Internet of things (IoT) devices communicate with each other and the cloud. IoT devices include mechanical, digital, and consumer goods with sensors and software.
Companies across industries are using IoT to improve efficiency, customer service, decision-making, and business value.
IoT lets data travel over a network without human or computer intervention.
In the internet of things, a person with a heart monitor implant, a farm animal with a biochip transponder, an automobile with sensors to alert the driver of low tire pressure, or any other natural or man-made object with an IP address can transfer data over a network.
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How does IoT work?
Web-enabled smart devices with CPUs, sensors, and communication hardware send and act on environmental data in an IoT ecosystem.
A gateway lets IoT devices send sensor data to a hub. Data may be sent to an edge device for local analysis before sharing. Local data analysis cuts cloud data transfer and bandwidth.
These devices can share and act on data. People can set up, instruct, and retrieve data from the devices, but they mostly work without them.
These web-enabled devices’ networking, communication, and connectivity depend on IoT apps. Artificial intelligence and machine learning can simplify and dynamically capture IoT data.
An IoT gateway sends sensor data to an application or back end system for analysis.
The importance of IoT
Smarter living and working with IoT. Automobiles, wearables, and thermostats with IoT can improve consumers’ lives. When someone gets home, their car can talk to the garage to open the door, their thermostat can adjust to a preset temperature, and their lighting can be dimmed and colored.
Business needs IoT and smart home automation. It shows firms how their machines, supply chains, and logistics work in real time.
The IoT lets machines do tedious tasks without human intervention. Automation cuts labor costs, waste, and improves service. IoT lowers manufacturing and delivery costs and increases consumer transaction transparency.
IoT is a crucial technology because more companies realize the power of linked devices to compete.
What do businesses gain from IoT?
Organizations benefit from IoT. Some benefits are industry-specific, while others are general. Business benefits often include:
- Manages operations.
- Increases customer satisfaction.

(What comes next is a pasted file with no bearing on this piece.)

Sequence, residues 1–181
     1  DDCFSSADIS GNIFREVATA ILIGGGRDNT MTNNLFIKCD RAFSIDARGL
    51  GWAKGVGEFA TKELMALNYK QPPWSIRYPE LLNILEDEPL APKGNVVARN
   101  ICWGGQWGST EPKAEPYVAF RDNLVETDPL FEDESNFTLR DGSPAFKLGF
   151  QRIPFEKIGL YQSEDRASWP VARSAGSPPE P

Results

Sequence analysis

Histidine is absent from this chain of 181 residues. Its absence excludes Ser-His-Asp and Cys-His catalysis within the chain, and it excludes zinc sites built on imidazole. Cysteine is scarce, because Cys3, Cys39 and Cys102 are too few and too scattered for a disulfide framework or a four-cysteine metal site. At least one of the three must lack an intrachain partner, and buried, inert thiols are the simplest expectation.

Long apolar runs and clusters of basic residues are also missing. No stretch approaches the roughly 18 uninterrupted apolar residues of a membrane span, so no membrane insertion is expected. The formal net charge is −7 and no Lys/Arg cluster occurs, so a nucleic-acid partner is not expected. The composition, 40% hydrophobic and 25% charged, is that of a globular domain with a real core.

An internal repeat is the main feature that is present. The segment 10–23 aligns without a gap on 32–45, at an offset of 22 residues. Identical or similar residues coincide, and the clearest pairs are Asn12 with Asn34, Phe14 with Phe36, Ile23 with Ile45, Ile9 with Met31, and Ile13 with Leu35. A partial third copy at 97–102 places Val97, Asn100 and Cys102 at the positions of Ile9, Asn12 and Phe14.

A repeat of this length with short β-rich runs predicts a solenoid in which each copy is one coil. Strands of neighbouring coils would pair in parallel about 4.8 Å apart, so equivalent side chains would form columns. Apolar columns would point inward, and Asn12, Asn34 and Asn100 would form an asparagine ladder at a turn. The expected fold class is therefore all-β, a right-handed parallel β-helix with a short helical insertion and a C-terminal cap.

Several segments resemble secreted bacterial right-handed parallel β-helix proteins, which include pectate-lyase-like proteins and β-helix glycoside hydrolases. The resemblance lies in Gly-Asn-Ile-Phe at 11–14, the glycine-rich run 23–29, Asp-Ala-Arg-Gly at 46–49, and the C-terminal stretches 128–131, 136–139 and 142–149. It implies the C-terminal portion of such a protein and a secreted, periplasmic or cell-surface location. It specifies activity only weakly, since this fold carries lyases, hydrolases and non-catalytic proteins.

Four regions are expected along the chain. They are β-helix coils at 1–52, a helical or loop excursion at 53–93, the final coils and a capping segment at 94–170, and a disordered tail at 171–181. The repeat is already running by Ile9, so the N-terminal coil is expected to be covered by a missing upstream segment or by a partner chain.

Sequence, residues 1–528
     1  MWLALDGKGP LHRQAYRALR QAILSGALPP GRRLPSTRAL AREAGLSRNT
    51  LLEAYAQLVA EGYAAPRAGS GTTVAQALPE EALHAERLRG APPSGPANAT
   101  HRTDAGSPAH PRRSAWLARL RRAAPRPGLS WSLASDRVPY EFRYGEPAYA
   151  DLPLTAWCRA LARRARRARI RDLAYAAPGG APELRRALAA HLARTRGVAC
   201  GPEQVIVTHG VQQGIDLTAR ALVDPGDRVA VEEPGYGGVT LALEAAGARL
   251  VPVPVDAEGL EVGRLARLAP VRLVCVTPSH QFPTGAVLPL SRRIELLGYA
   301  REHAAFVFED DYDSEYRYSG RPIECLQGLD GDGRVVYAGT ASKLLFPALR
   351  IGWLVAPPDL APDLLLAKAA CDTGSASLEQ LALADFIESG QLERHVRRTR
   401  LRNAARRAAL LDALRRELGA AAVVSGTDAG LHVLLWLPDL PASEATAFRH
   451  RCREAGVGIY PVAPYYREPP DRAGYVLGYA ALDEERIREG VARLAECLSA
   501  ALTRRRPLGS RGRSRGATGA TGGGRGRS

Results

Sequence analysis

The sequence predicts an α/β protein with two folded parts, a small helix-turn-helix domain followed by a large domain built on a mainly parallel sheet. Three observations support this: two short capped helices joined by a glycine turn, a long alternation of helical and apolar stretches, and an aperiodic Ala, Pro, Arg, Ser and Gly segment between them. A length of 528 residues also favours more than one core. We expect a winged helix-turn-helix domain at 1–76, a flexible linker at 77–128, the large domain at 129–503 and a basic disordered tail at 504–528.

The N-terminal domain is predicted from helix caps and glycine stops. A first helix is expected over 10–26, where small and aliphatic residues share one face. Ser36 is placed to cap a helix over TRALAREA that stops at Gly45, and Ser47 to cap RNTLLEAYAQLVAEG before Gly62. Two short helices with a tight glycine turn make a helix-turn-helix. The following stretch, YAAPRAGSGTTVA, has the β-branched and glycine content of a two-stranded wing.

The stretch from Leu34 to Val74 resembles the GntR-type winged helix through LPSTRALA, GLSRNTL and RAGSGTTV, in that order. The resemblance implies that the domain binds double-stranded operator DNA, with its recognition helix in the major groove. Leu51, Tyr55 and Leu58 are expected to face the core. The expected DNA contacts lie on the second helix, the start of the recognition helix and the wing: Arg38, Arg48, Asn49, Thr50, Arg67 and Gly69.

- Saves time, money.
- Increases worker output.
- Integrates and adapts business strategies.
- Enhances business decisions.
- Revenue rises.
IoT helps businesses rethink and improve their strategies.
- Most IoT companies use sensors and other devices in manufacturing, transportation, and utilities, but some use them in agriculture, infrastructure, and home automation to digitally transform.
- Agriculture can be simplified by IoT. From sensors, IoT can automate farming with rainfall, humidity, temperature, and soil data.
- Infrastructure operations can be monitored by IoT. Sensors can detect unsafe structural building, bridge, and infrastructure changes. Incident response, operational costs, and service have improved.
- Home automation companies monitor and control mechanical and electrical systems with IoT. Energy and waste savings are possible in smart cities.
IoT is used in healthcare, banking, retail, and manufacturing.
In 1999, MIT Auto ID Center co-founder Kevin Ashton presented the internet of things to Procter & Gamble. Ashton used 1999’s internet boom to introduce radio frequency ID to P&G’s senior management in his “Internet of Things” presentation. MIT professor Neil Gershenfeld published When Things Think in 1999. Despite not using the exact phrase, the novel showed IoT’s future.
IoT came from wireless, microelectromechanical, microservices, and internet technology. This convergence crossed operational and IT boundaries to evaluate unstructured machine-generated data for improvements.
IoT was first mentioned by Ashtons, but embedded internet and pervasive computers date back to the 1970s.
Coke machines at Carnegie Mellon University in the early 1980s were the first internet appliances. Programmers could check machine status and cold drink availability online.
M2M communication over a network without human contact created IoT. M2M uses cloud-based device management and data collection.
Billion-device IoT connects people, computers, and other applications to collect and share data, advancing M2M. M2M is built on IoT connectivity.
SCADA, which uses real-time data from remote sites to control equipment and conditions, naturally extends to IoT. Software and hardware comprise SCADA systems. Data is sent to a desktop computer with SCADA software, which processes and displays it quickly. Late SCADA systems spawned early IoT systems.
After China prioritized IoT in its five-year plan in 2010, the ecosystem took off.
Consumer IoT use increased between 2010 and 2019. Trending were smart TVs and smartphones that could communicate over one network.
Cellular IoT devices and networks using 2G, 3G, 4G, and 5G, LoRaWAN, and LTE M increased in 2020.